Creating a Cleaner Future With Your Kids
Our children are tomorrow’s adults and the generation that has to deal with our bad decisions today. But it doesn’t have to be that way. You can turn your home into an eco-friendly refuge while teaching your kids about conservation all without going broke in the process. Keep reading for the best ideas and projects you can start right now.
Getting to know Mother Nature
The single most important thing you can do with your children is to teach them the importance of environmental stewardship. For young kids, the best way to do this is by hosting an environmental scavenger hunt. Make a list of items your children can find in their own backyard or neighborhood. This might include leaves, flowers, bees, bodies of water, or community gardens. As you locate each item, talk to your kids about how these aspects of nature correlate to each other to create our world.
Garden fun and water conservation
Growing a garden is an exceptional way to bring positive environmental changes into your home. It’s also a fun and engaging activity for children of all ages. And your garden is the perfect backdrop for an education on environmental awareness. Teach your children about water conservation by building your own rainwater collection system. This could be something as simple as routing your gutters into a clean 96-gallon trash can, or you can set up a more elaborate system that involves multiple tanks. Use this water to irrigate the garden in lieu of turning on the hose. HomeAdvisor notes that used dishwater may also be recycled to clean other areas of the home such as lawn furniture. Indoors, the kids can help by turning off water, lights, and power when these things are not in use. When brushing teeth, water can be turned off to save up to 200 gallons each month, according to NC State University.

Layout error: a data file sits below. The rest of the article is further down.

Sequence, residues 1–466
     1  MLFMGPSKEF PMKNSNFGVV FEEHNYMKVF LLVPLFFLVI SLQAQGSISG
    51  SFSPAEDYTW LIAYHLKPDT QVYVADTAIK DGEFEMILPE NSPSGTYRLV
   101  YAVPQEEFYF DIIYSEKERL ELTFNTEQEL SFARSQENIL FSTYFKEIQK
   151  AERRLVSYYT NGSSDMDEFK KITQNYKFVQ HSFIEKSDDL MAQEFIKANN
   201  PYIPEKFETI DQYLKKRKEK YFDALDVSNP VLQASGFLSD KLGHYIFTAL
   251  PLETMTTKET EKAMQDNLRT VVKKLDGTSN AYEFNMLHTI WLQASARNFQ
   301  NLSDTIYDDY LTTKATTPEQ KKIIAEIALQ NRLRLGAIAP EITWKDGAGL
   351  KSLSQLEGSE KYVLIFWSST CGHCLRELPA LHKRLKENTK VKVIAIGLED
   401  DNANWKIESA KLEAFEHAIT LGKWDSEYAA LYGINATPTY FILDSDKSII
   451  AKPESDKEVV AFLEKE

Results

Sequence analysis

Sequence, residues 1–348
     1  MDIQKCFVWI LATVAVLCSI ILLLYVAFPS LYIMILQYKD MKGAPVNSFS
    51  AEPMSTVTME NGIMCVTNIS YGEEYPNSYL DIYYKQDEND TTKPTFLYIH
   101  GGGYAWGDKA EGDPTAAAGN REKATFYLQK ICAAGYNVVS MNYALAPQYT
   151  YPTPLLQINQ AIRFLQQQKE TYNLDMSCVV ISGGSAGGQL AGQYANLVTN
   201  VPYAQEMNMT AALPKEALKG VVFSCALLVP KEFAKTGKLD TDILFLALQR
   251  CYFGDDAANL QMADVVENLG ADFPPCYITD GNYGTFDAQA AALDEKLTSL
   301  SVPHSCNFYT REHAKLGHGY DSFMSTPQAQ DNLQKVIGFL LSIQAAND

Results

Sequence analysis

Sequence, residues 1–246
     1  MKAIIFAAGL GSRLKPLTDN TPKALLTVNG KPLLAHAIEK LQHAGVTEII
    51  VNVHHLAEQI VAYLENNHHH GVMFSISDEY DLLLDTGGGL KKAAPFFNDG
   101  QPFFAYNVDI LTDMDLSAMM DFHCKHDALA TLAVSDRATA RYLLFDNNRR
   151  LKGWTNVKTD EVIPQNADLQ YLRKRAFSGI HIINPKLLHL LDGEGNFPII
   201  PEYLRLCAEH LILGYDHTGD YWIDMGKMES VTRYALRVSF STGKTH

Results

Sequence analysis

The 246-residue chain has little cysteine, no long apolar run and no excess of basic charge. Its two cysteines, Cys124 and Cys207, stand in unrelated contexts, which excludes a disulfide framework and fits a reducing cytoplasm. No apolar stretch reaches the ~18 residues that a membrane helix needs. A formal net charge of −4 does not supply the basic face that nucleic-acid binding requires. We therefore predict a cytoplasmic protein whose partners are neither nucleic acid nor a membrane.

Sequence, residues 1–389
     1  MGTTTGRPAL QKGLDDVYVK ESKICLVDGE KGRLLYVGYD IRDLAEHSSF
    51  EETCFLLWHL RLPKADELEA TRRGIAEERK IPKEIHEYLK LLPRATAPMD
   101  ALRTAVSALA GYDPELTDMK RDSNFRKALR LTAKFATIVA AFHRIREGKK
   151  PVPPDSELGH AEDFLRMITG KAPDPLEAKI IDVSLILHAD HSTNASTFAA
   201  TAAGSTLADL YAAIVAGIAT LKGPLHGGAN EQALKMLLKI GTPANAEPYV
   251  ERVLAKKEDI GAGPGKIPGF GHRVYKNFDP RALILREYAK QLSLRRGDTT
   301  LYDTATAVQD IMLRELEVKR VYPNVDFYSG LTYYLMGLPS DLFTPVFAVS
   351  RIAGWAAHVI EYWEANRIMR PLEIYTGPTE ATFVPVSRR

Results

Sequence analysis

Maintaining a spring, summer, and fall garden is also a great way to cut down trips to the grocery store, which will reduce your carbon footprint by reducing the amount of emissions your family creates driving. Grocery store produce, although bright and beautiful, is also riddled with pesticides and insecticides that can damage the land where it’s grown.
Lights out and grab a blanket
Our parents taught us to turn the lights out when we weren’t in the room, but that’s about as far as our energy-savings education went. This remains sound advice if you’re still using incandescent or halogen light bulbs. Incandescent lighting, according to Energy.gov, emits energy as heat. Turning them off when you’re not in the room will lower your energy bills and keep the room a more constant temperature. Your kids can practice this by making a game of turning lights off when they see someone exit one room and enter another.
Another area where children can keep a watchful eye on your home’s energy consumption is your HVAC system. Assign them the task of turning the thermostat to 68° during the day and to 65° or cooler at night during the winter. If you’re not going to be home, turn it down even more. The Chicago Tribune notes that a 10° temperature drop could save you 10% or more on your energy bills, which can be significant over the course of a year. If you live in a warmer climate, consider using passive heating and cooling methods to keep your home’s temperature comfortable.
By teaching your children ways to conserve resources for today, you are one step closer to ensuring they have what they need for tomorrow. You don’t have to make drastic changes to your lifestyle, and you may even save a few dollars along the way. But more important than money, you are instilling strong values in your children that will last a lifetime.
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